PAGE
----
Netflix’s Korean survival drama Squid Game has captured the imagination of a global audience, but how exactly does the game stay a secret despite so many people going missing? The Netflix smash hit establishes that a group of wealthy individuals recruit competitors with massive debts to vie for Squid Game‘s 45.6 billion Won prize, and it follows 456 of these competitors as they engage in the titular games. The premise of the game – and the show – is that 455 participants will die during the games, leaving one winner to take the prize money, pay off their debts, and live in comfort for the rest of their life.
Through the investigation of Jun-ho, a policeman who infiltrates the game disguised as one of its masked workers, it’s revealed that the games have been running for 30 years. Assuming that each game has around 400 participants and (as the epilogue implies) that one occurs roughly once per year, that would mean an estimated body count of 11,970 – which is an awful lot of missing people to cover up. The theory that Jun-ho is still alive might see him bring the game’s existence to light in a potential Squid Game season 2, but the real question is: just how has it been kept a secret for so long?
The show does imply an answer, but it’s one that requires a lot of clarification. The game is run by the Front Man – later revealed to be Jun-ho’s brother, In-ho – but it exists in order to entertain some of the world’s wealthiest and most powerful people, known in Squid Game as the VIPs. With this level of financial backing behind it, it can be surmised that large sums of money are able to secure the game’s continued existence. Squid Game‘s Old Man twist reveals that Oh Il-nam, also known as Player 001, is the game’s founder, but it doesn’t specify exactly how he has been able to keep it hidden for so long – although one of the most likely answers lies within the show’s narrative theme.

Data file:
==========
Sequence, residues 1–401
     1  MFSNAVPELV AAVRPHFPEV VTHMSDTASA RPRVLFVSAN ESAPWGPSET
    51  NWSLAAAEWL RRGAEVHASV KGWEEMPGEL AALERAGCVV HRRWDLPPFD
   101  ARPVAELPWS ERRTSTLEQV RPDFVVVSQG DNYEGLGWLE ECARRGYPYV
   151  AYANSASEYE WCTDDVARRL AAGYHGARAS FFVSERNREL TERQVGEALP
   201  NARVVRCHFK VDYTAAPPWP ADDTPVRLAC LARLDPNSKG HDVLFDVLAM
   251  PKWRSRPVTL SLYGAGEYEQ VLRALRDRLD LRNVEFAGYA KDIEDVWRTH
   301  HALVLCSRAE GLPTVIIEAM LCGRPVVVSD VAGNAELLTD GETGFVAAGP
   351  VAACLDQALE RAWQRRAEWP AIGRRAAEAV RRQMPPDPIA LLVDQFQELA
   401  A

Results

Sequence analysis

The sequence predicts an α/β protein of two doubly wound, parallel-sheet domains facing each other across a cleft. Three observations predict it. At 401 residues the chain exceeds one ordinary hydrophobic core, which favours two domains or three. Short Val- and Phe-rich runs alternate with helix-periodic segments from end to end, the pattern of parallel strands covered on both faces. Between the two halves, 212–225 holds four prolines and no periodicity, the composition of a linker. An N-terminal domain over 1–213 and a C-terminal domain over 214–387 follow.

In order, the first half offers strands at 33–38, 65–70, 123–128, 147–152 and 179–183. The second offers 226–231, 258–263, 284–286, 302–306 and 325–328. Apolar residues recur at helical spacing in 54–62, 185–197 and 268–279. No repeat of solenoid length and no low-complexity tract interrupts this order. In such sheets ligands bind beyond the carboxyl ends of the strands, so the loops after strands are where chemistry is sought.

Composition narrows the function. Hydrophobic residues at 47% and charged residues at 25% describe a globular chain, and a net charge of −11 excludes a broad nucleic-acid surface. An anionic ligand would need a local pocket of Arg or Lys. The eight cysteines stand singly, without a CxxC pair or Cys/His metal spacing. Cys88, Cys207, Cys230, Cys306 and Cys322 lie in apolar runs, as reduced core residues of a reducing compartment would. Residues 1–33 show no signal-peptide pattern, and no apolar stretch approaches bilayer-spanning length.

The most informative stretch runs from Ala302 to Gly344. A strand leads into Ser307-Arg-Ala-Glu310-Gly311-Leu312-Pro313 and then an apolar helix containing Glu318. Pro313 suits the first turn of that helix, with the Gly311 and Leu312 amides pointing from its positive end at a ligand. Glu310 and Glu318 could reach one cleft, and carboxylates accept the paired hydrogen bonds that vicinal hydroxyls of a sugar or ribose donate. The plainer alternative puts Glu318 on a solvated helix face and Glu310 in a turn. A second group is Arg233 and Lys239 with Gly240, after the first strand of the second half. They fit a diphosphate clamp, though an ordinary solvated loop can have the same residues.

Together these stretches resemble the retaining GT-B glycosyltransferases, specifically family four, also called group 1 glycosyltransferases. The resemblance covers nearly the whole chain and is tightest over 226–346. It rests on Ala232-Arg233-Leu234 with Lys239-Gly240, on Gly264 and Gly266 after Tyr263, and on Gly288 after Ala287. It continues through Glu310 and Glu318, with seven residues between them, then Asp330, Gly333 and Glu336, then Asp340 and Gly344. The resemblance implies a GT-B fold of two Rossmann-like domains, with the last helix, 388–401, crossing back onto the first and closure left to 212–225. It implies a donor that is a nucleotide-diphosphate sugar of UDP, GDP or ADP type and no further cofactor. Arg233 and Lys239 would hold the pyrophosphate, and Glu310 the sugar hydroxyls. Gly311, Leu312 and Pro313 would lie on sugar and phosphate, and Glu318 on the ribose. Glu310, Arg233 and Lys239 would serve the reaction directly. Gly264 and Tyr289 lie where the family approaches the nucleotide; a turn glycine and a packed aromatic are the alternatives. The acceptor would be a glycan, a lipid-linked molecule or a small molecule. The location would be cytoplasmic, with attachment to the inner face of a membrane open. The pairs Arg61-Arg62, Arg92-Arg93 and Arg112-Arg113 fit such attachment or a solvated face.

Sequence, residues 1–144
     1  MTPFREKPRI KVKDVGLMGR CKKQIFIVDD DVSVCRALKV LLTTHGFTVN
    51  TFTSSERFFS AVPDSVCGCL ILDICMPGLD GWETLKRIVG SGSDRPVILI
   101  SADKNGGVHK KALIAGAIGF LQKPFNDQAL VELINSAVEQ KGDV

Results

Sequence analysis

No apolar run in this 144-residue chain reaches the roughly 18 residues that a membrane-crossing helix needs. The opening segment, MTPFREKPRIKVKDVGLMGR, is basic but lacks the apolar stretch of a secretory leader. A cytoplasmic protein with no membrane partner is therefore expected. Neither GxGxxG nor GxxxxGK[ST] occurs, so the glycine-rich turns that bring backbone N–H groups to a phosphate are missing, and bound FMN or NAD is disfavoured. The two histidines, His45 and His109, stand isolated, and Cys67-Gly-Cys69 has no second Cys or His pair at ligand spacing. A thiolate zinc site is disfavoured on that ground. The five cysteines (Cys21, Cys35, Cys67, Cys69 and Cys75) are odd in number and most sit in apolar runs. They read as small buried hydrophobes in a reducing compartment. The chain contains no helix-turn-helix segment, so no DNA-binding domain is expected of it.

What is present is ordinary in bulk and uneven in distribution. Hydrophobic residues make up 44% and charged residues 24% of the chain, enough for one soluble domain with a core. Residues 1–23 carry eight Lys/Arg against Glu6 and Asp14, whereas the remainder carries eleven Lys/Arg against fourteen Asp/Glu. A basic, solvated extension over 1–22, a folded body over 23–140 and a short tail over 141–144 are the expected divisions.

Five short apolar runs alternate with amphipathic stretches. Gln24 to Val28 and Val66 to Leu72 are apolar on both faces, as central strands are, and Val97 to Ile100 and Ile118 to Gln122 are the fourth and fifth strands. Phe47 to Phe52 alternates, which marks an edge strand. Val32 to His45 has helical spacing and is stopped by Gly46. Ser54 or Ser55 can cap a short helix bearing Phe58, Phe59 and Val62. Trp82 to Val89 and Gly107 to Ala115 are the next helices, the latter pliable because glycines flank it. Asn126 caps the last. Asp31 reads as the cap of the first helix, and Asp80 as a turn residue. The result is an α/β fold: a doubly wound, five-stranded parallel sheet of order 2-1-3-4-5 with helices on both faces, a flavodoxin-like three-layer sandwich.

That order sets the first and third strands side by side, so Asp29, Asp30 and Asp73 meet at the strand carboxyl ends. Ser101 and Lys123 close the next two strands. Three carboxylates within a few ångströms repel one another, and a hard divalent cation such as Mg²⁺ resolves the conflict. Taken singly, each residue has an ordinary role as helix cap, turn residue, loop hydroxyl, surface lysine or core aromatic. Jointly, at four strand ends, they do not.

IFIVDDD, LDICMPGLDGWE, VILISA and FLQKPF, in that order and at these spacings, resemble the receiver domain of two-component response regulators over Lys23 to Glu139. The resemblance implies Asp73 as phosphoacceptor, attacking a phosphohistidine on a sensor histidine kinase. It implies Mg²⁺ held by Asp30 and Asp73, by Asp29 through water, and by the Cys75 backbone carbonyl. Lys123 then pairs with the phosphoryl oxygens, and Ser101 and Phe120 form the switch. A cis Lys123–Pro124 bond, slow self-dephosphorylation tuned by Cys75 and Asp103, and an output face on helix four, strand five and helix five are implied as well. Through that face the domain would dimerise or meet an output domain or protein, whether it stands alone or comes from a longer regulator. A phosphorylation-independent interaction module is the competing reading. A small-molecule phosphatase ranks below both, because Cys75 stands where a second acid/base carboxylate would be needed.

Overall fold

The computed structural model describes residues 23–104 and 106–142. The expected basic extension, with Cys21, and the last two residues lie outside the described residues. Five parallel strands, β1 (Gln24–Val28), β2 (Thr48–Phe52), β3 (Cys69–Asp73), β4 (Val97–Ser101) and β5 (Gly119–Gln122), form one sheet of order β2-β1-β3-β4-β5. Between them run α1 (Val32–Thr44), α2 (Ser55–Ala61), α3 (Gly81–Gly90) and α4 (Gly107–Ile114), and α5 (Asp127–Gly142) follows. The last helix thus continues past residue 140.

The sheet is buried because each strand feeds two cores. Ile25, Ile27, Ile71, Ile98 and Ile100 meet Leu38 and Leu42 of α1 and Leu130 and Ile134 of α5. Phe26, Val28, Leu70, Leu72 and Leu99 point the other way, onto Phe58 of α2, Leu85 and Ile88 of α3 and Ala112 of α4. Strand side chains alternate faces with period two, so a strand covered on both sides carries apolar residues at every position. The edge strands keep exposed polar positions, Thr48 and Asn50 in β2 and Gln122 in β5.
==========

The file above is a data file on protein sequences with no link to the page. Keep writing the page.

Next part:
Squid Game‘s story is rooted in South Korea’s class divide and highlights the massive disparity of wealth within the country as well as examining the way in which the wealthy look at the people they deem beneath them. The most likely explanation for how the game remains a secret is that its selected players are all desperate people whose disappearance can be easily explained – Sang-woo is wanted by the police, Sae-byeok is a North Korean defector, and Gi-hun is a gambling addict with massive debt. The common theme is that Squid Game‘s cast of characters all exist on the bottom rung of a society that doesn’t value them and that their disappearance will largely go unnoticed.
This is evidenced in episode 2 when Gi-hun approaches the police, and they laugh him off. They dismiss his story as outlandish as he has no real credibility, with only Jun-ho willing to investigate in an unofficial capacity in hopes of finding his brother. It certainly appears that choosing its competitors carefully is key to the game’s continued secrecy, but it may even be more important that its workers are chosen carefully. From the events Jun-ho witnesses during his infiltration of the island, it’s clear that complete obedience is required of the workers, and steps are surely taken to choose Squid Game‘s workers carefully in order to ensure their silence.
It seems that Squid Game‘s VIPs are the largest contributors to the game’s ability to remain hidden, but this is something that’s implied rather than stated. However, money and influence alone can’t guarantee silence, so it’s most likely that the game employs other contingencies against those seeking to expose it. Exactly what those methods might look like will surely come into play in Squid Game‘s hypothetical season 2, as Gi-hun made his intentions to expose the game all too clear.